QUESTIONS & ANSWERS:
What is a midwife?
A midwife is a trained professional with special expertise in supporting women to maintain a healthy pregnancy birth, offering expert individualized care, education, counseling and support to a woman and her newborn throughout the childbearing cycle.
A midwife works with each woman and her family to identify their unique physical, social and emotional needs. When the care required is outside the midwife's scope of practice or expertise, the woman is referred to other health care providers for additional consultation or care.
The Midwives Alliance of North America, the North American Registry of Midwives, the Midwifery Education Accreditation Council and Citizens for Midwifery agreed on a short definition of what "midwifery care" means. However, just because a person is a midwife does not guarantee that they provide this kind of care; consumers looking for a midwife should ask questions to determine if a prospective caregiver will be able to provide the kind of care they seek.
What is the Midwives Model of Care?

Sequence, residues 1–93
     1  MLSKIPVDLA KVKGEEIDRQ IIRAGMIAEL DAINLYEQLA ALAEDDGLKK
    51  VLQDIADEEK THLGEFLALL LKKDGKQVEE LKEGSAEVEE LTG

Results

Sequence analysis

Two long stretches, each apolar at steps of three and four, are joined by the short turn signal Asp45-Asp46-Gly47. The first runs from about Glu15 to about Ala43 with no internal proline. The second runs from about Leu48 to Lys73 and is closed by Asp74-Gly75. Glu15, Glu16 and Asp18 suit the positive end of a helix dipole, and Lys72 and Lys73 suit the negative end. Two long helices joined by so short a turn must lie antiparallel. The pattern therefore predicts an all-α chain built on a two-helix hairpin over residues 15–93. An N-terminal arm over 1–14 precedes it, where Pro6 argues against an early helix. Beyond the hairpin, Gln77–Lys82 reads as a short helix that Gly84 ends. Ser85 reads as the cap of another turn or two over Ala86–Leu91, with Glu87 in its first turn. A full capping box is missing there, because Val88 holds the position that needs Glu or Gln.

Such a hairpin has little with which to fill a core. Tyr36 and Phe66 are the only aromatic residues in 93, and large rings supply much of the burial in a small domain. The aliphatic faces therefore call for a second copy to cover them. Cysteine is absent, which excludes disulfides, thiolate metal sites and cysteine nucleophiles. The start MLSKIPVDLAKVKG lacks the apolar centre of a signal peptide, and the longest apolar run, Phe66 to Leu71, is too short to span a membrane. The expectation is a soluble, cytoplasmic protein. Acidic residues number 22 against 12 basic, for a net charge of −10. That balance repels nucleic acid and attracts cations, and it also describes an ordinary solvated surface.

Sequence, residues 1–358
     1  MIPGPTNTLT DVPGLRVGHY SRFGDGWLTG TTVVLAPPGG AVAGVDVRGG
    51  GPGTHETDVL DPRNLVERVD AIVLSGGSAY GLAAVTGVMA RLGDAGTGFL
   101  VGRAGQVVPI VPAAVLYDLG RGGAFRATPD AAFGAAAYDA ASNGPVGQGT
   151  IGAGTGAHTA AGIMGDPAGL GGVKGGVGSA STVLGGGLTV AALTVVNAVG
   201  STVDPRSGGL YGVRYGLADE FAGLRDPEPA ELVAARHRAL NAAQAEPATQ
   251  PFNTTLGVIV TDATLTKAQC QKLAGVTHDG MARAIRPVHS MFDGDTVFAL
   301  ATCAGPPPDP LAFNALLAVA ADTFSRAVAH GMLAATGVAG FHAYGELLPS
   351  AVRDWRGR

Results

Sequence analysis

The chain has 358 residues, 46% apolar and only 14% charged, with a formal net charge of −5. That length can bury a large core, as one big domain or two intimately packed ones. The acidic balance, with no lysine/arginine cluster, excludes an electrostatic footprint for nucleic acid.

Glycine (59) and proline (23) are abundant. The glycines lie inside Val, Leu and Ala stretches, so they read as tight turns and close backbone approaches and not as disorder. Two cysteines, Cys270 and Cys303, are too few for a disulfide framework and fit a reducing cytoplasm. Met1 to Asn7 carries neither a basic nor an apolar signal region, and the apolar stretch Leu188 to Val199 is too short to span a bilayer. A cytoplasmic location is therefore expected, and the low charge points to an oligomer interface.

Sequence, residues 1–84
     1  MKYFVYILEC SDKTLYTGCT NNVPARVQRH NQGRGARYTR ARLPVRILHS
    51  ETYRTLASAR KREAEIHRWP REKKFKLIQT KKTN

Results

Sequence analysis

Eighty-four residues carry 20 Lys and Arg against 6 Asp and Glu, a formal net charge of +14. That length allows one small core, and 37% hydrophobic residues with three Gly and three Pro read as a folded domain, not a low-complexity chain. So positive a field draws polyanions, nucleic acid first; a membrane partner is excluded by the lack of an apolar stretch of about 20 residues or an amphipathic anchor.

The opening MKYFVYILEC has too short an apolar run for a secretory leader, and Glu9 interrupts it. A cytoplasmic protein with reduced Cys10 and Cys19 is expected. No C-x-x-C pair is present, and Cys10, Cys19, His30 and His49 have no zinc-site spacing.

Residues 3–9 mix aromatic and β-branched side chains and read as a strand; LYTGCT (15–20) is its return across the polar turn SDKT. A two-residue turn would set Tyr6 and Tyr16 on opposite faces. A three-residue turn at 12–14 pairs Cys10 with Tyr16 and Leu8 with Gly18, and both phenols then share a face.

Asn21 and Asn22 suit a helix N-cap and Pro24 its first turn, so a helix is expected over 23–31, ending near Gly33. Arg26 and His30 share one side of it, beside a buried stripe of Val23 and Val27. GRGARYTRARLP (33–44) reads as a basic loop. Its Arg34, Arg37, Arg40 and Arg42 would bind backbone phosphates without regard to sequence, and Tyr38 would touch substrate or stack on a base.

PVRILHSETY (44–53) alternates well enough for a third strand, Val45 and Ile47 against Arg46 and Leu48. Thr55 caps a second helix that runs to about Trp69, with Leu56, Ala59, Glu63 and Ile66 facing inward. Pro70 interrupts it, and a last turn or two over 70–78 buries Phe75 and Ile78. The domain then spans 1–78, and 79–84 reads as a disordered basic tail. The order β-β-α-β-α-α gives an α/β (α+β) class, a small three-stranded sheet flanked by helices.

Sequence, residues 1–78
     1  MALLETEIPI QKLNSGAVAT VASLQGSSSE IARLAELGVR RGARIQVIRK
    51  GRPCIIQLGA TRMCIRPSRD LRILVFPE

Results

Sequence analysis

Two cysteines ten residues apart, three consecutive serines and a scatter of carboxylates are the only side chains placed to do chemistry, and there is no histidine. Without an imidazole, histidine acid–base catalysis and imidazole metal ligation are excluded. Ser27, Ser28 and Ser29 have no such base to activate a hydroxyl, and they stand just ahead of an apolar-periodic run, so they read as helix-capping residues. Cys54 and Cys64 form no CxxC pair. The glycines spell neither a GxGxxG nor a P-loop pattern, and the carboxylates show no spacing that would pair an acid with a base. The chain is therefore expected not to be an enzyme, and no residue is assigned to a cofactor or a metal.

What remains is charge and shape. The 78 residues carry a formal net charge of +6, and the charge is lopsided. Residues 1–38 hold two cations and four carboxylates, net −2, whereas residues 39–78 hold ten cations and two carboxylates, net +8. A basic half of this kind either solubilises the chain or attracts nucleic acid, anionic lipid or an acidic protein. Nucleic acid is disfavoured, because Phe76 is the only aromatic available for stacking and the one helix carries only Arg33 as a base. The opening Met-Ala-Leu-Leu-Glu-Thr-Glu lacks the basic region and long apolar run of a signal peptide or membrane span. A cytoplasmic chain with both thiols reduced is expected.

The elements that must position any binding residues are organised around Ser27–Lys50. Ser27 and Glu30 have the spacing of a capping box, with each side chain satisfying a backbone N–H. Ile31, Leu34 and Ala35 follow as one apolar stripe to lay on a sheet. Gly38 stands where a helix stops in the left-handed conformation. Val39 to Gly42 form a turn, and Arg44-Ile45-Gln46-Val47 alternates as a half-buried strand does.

The Midwives Model of Care is based on the fact that pregnancy and birth are normal life processes.
The Midwives Model of Care includes:
- Monitoring the physical, psychological, and social well-being of the mother throughout the childbearing cycle
- Providing the mother with individualized education, counseling, and prenatal care, continuous hands-on assistance during labor and delivery, and postpartum support
- Minimizing technological interventions
- Identifying and referring women who require obstetrical attention
- The application of this woman-centered model of care has been proven to reduce the incidence of birth injury, trauma, and cesarean section.
How does a midwife differ from an obstetrician-gynecologist?
Midwives are trained to focus on understanding and protecting what is normal and natural in pregnancy and birth, while obstetricians are trained to focus on understanding and looking for complications. Obstetricians’ and gynecologists’ training and skills are best utilized on women with high-risk pregnancies, as opposed to the majority of women with normal pregnancies. A midwife recognizes pregnancy and birth as normal processes and believes that the education and empowerment of pregnant women are just as important as good prenatal care. While prenatal visits with an obstetrician typically last approximately eight to nine minutes, a midwife will spend 30 minutes to an hour with each patient.
I have a Midwife, do I need a doula?
A doula can be helpful no matter where you choose to birth or who your caregiver is. Not all women need a doula at their birth, but most will find them of great value for themselves and their partner at their birth. In fact, at Orero Birth we find the presence of doulas at births to be so beneficial, that all of our birth assistants and our midwife are trained doulas.